Chronically-ill patients boost doctors' workload

Bill Doskoch

Patients with chronic conditions, coupled with a shortage of family doctors, are increasingly sources of strain on the health-care system, says a new survey.

The 2007 National Physicians Survey, released Tuesday, said 80 per cent of physicians believe the needs of chronic patient care are the biggest demand on their time.

“I think the National Physicians Survey has shown once again that the system is under extreme pressure, due to low numbers (of doctors), increased burden of chronic disease and an aging population,” Dr. Andrew Padmos of the Royal College of Physicians and Surgeons told Canada AM on Wednesday.

Dr. Ruth Wilson, president of the College of Family Physicians of Canada, told that she’s seen changes in her own practice in Kingston, Ont.

Wilson delivers babies and provides care throughout the child’s life. “It used to be a good portion of my time was spent looking after them and taking care of their various childhood illnesses,” she said.

“A lot of that work has fallen off. What I do see is quite a number of people still living together in their 80s and both of them with significant problems — one with bad arthritis and one with heart disease,” Wilson said.

Some of the factors that can make elderly patients more time-consuming to treat include:

  • Mobility issues
  • Hearing problems
  • Multiple medications

“They often have a number of important questions to address, so it often means the rhythm of my day has changed substantially,” she said.

The survey found that 86 per cent of family doctors are caring for patients with a chronic mental illness, and 88 per cent have patients suffering from either heart disease or hypertension.

In addition, Canada has a chronic shortage of family physicians, something that Wilson said could be traced back to a mid-1990s decision by governments to reduce the supply of doctors.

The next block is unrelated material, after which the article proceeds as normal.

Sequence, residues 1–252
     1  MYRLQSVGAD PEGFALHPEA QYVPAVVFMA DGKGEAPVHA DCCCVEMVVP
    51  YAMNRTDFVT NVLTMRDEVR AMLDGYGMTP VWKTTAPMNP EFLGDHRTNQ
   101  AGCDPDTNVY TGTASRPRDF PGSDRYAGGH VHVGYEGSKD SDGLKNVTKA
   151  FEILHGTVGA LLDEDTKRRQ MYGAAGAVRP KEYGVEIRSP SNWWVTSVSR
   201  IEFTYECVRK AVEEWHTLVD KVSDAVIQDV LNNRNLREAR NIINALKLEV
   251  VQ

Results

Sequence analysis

Partly as a result of that, five million Canadians don’t have family physicians, she said.

The survey found that 65 per cent of family physicians can see a patient within once day, only 37 per cent of other specialists can do the same.

This has led to people getting care from hospital emergency wards, which Wilson said was not “appropriate, efficient or cost-effective.”

On top of everything else, family doctors as a group are aging, with the “baby boomer” class to which Wilson belongs nearing retirement. The survey said 33 per cent of family doctors are 55 or older.

The new generation of family doctors isn’t willing to work the hours that the boomer generation did, and that could further affect access to care, she said.

According to the survey, about one-third of family doctors plan on cutting back on their hours in the next two years. In a 2004 survey, one-quarter had planned to cut back on their workload.

However, there is some good news on the horizon.

“We saw an upturn in the number of students choosing family medicine as a first career choice this year, and we’re back up to 31 per cent, which is the level we were at 10 years ago,” Wilson said.

“So that’s great news. I hope we’re starting to turn the tide,” she said.

Other measures have been adopted in recent years to make the professional lives of family doctors easier, she said.

Pay has increased, more doctors are moving to group practices and several provinces are allowing nurse practitioners and other health professionals to work with family doctors, she said.

“Family doctors don’t have to carry the whole burden by themselves,” Wilson said.

Padmos said the team approach to chronic care patients make sense. “The family physician plays a vital role,” but shouldn’t have to do everything for every patient, he said.

But the investment to establish a team-based primary care system is substantial, and it could take a generation to fully evolve, Padmos said.

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